With the 2020 regular season having reached its end, there will be more and more talk about free agency during the upcoming weeks. MLBTR has already taken a look at the catchers, first basemen, shortstops, and third basemen due to reach the open market soon. We’ll now turn to the keystone, where utility options are in abundance.
Top of the Class
- DJ LeMahieu (32): The American League batting champ is the cream of the crop at second base. Given his ability to slide anywhere in the infield, he’s about as valuable a commodity as can be found on the open market this winter. There will be widespread interest. Still, second base is his best position, and he’s easily the best player available in this spot. Don’t be surprised to see him sign somewhere with a need at the keystone – even returning to the Bronx. Since signing in New York, LeMahieu has posted an outrageous .336/.386/.586 slash with 36 home runs, 43 doubles and four triples in 871 plate appearances.
- Jonathan Villar (30): Villar split his time between the Marlins and Blue Jays in 2020, but he fell short of reproducing the solid effort from the year prior. Between the two stops, he slashed just .232/.301/.292 while receiving regular playing time. There are some rumblings that he’s a second-division kind of guy, and he may have to choose between playing every down for a mid-tier club, or accepting a utility spot for a contender. He’s a dirt dog who runs well and can handle any spot up the middle, including centerfield.
- Tommy La Stella (32): The A’s like La Stella and will likely try to bring him back. His ability to play second or third while posting professional at-bats and keeping the ball in play make him an appealing option league-wide, however. He’s also not likely to break the bank. He’ll not want to return to pinch-hitting duty, so a regular role will be a must – especially after a solid .281/.370/.449 effort between the Angels and A’s in 2020.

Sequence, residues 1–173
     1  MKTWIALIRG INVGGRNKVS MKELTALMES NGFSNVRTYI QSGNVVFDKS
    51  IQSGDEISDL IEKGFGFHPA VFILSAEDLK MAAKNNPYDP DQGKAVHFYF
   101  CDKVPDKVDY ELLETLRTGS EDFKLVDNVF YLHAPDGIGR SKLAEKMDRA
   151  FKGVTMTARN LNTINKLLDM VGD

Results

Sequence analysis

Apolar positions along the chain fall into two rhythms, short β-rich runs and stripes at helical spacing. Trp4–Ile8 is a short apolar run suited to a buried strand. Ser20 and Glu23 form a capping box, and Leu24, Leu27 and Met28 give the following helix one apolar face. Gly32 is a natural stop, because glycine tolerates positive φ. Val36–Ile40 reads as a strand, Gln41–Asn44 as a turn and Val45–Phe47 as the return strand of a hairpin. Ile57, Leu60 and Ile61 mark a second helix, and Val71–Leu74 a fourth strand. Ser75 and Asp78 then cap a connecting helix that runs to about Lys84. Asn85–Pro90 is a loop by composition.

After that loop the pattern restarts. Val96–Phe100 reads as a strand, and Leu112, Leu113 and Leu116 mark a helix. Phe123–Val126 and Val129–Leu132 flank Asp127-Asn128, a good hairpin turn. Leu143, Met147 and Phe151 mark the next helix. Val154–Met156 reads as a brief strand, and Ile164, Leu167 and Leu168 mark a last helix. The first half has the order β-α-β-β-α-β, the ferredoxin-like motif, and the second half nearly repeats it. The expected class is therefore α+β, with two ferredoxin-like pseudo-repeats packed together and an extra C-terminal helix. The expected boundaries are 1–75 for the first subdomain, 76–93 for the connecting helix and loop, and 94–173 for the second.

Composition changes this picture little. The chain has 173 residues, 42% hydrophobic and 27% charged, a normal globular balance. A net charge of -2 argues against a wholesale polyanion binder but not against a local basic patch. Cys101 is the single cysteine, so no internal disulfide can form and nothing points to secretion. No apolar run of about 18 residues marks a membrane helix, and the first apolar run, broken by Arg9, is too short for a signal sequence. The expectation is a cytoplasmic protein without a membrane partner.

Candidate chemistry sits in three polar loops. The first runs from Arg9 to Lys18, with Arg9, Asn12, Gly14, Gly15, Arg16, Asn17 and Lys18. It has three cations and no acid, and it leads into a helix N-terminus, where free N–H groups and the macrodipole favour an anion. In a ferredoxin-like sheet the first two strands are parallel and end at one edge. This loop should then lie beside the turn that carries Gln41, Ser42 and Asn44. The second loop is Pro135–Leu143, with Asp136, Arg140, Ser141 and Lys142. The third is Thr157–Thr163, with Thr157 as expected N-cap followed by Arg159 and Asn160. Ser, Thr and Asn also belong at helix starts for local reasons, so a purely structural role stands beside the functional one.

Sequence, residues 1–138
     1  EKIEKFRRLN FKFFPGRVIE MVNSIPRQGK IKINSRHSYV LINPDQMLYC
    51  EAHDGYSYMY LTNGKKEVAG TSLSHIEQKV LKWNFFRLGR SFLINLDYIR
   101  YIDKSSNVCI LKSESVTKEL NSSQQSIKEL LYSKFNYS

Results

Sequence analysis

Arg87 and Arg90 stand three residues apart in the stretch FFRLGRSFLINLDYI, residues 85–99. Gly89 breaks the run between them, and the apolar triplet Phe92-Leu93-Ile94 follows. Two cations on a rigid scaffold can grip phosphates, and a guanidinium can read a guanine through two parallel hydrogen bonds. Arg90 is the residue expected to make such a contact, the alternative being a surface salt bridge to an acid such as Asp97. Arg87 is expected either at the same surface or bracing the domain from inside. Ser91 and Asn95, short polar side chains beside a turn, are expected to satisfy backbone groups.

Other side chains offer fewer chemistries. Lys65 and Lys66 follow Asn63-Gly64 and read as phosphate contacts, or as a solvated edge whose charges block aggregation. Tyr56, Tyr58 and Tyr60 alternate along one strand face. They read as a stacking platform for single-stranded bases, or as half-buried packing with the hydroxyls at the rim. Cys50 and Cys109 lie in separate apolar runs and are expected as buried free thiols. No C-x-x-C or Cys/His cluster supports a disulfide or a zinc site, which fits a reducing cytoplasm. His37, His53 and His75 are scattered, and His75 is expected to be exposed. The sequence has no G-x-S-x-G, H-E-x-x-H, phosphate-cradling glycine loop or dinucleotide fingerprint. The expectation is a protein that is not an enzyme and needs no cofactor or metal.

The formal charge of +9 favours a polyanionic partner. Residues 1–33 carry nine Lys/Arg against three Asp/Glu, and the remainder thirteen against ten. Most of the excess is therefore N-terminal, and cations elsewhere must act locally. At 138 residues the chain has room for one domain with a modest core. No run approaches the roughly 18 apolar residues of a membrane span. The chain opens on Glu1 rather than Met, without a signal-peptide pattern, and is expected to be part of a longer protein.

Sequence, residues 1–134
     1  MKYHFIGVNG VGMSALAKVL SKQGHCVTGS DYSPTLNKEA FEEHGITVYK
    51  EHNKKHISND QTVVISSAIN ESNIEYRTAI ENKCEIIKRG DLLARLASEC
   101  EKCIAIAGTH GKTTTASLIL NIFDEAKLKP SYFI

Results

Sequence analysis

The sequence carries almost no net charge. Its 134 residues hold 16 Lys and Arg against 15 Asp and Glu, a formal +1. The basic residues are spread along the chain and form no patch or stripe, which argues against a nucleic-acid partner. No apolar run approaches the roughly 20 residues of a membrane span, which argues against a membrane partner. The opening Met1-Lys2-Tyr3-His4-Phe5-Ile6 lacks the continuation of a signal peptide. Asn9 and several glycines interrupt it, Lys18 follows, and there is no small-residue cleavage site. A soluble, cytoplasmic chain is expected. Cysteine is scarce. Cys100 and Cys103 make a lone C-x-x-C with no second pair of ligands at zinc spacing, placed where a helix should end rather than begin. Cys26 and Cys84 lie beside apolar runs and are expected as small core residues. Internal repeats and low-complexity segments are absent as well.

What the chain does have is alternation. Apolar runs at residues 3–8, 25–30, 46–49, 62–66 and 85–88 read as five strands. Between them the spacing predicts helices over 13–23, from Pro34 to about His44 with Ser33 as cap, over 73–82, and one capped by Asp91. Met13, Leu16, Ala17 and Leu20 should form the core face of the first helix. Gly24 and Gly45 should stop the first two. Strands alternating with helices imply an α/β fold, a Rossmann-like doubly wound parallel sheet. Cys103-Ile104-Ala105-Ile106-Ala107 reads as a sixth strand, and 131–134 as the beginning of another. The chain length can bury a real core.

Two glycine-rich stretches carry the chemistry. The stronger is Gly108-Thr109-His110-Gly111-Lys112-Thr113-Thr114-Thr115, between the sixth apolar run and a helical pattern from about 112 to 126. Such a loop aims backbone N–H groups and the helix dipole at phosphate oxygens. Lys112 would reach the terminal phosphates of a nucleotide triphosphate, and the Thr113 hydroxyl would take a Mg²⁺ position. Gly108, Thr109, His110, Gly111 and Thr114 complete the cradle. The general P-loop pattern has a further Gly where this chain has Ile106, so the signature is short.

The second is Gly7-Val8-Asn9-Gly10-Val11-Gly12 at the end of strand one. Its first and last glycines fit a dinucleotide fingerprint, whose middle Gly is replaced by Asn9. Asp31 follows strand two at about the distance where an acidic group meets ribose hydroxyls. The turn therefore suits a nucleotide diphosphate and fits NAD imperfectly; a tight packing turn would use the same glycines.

- Cesar Hernandez (31): Hernandez impressed in his lone season with the Indians. If the price is right, both sides might look for a repeat performance after the long-time Phillie slashed .283/.355/.408 with a league-leading 20 doubles across 261 plate appearances. After middling defensive numbers with the Phillies, he got good marks for his work at the keystone in 2020 (6 DRS, 3.8 UZR). Hernandez should have no problem finding a regular role somewhere.
- Jurickson Profar (28): Profar made good on his opportunity with the Padres, hitting .278/.343/.428 with 7 home runs across 202 plate appearances. He played more outfield than second base this season, but that was mostly a function of Jake Cronenworth’s breakout. Profar certainly enjoyed his time in San Diego, but his versatility could make him an asset on many teams. Where he suits up in 2021 should come down to price point.
- Jonathan Schoop (29): Schoop mashed in his first season with the Tigers: .278/.324/.475 with 8 home runs in 2020. He still handles himself well defensively at second, but he doesn’t bring the versatility of many players on this list.
- Enrique Hernandez (29): Kiké fits the mold of a number of players on this list, guys who can handle regular to semi-regular playing time while filling in all over the diamond. Hernandez has been the second-stringer to Chris Taylor in this role for the Dodgers, but he nonetheless gets somewhere between 200-500 at-bats per season, and they trust him in the postseason. He hit .230/.270/.410 in 2020, and if the Dodgers don’t return him to the roster, someone else will.
- Freddy Galvis (31): Galvis slashed .220/.308/.404 across 159 plate appearances in his second season with the Reds. He can play both spots up the middle, and the switch-hitter does just enough at the plate to remain a viable option for everyday at-bats.
- Jason Kipnis (34): The long-term Cleveland Indian saw regular playing time with the Cubs in 2020, slashing .237/.341/.404. He did just enough to keep getting the call at the 9-spot in the order, but he’s probably best utilized in a heavy timeshare.